A few Reviews
With the terrific promotion that Edmond has had, I don't think any member of the audience was expecting anything less than a slick and professional student production. What the spectators ultimately ended up with was, in fact, much more: this captivating and invigorating journey into a troubled mind left me not only terrified and disorientated, but ultimately moved.
The play chronicles Edmond's escape from a boring life with a spouse that no longer interests him into a world of violence, racism and sexuality, dragging the audience through the frantic New York underworld. While the set-up of the man leaving his mundane existence to find self-fulfilment seems unoriginal, what he finds is never less than shocking. The winning aspect of the play is that what Edmond comes to term with is both disturbing and truthful, grounded firmly in reality by a high-quality cast: the ascension of homophobia and racism in the main character comes across not just as madness, but as a sickness shared by society, propagated by it's stifling rules that has immersed Edmond in confusion.
What the performance hinges upon is the nature of promenade theatre, where the audience follows the scenes in different parts of the room. What this means is that one moment you are looking at Edmond in a bar, then another scene may start up behind you and you find yourself staring straight at a pole dancer: although this means that I had poor visibility for some sections of the play, craning my neck over audience members, it was extremely effective in making the audience feel trapped in Edmond's warped world and helping us to understand him. He was not only our main character: he was our tour guide through hell.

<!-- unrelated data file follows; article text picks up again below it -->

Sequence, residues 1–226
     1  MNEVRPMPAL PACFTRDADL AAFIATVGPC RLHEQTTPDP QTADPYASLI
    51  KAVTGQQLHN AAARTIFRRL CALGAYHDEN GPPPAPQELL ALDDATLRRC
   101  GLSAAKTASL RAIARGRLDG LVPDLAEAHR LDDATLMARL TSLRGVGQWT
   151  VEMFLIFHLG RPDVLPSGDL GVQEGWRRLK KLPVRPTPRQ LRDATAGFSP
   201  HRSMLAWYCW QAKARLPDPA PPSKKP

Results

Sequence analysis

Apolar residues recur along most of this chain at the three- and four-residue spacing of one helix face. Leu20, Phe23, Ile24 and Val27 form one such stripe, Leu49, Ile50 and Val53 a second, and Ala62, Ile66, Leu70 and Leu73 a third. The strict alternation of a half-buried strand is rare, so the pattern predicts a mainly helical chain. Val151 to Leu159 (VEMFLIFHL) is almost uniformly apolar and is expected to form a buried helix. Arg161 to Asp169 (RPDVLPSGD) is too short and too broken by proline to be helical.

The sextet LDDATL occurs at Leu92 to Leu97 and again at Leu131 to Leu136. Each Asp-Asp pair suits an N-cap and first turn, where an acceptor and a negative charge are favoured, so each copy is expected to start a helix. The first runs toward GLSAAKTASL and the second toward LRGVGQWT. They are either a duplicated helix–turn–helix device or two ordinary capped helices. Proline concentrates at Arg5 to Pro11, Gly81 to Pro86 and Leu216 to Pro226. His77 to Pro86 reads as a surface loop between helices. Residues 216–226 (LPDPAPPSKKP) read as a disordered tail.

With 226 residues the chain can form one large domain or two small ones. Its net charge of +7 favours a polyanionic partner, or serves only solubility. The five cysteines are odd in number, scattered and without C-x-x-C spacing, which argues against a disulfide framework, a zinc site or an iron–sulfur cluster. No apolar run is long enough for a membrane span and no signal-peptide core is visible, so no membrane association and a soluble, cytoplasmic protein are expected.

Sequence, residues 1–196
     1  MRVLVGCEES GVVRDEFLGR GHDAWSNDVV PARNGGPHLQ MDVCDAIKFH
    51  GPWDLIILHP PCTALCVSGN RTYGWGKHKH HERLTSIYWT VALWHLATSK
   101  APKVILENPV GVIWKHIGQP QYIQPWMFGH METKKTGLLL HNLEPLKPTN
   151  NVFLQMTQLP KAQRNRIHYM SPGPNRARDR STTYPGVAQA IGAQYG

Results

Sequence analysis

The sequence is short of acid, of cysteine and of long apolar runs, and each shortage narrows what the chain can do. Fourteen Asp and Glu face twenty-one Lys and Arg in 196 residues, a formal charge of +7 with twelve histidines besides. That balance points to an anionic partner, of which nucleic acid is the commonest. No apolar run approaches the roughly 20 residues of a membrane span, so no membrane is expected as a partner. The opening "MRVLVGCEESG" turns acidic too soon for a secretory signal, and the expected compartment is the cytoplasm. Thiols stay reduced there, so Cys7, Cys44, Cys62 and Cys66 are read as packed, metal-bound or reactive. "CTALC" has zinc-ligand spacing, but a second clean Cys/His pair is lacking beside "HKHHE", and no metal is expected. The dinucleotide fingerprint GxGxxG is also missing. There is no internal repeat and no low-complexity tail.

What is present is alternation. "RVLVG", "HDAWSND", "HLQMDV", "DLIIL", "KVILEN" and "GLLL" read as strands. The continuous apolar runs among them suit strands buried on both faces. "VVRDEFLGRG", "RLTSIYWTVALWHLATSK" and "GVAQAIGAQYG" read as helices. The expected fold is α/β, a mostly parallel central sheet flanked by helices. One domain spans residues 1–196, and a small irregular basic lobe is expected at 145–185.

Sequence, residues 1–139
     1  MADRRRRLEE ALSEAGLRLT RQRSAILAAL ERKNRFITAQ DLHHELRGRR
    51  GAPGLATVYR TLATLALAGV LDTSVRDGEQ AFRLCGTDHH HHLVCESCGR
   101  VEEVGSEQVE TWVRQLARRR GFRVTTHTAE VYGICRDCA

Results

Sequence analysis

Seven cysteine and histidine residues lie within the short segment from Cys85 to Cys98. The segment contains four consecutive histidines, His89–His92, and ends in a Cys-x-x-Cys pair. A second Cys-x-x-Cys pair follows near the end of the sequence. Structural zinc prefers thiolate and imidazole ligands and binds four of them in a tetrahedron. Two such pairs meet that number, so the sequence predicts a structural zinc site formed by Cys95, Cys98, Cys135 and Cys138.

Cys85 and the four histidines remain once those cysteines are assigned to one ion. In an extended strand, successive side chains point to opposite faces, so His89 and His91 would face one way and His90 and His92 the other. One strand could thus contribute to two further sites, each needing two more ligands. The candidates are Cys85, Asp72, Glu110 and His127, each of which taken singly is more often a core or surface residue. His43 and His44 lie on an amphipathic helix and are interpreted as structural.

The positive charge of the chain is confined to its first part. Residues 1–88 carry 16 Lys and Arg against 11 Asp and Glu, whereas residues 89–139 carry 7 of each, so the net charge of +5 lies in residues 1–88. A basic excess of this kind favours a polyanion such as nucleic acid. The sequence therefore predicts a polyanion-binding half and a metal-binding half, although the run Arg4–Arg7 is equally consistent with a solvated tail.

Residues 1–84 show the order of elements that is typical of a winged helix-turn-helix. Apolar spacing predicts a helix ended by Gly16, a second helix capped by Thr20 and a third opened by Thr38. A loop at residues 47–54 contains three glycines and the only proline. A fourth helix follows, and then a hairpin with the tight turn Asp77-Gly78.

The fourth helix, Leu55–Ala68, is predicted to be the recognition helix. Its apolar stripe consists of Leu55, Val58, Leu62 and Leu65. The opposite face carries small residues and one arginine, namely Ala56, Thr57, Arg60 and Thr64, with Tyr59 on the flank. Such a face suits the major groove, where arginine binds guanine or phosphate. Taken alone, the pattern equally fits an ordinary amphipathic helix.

While the main thread of the story, following him about as he meets new characters that he will either abuse or be abused by, starts to feel tired, the ending comes as an ingenious move by playwright Mamet, throwing the whole play into perspective and finally explaining the poster's tagline: every fear hides a wish. Not only bringing the story's fable-like nature to a conclusion, it also adequately serves as a description of the play itself: no matter how scared or shocked, you will want to see this performance again.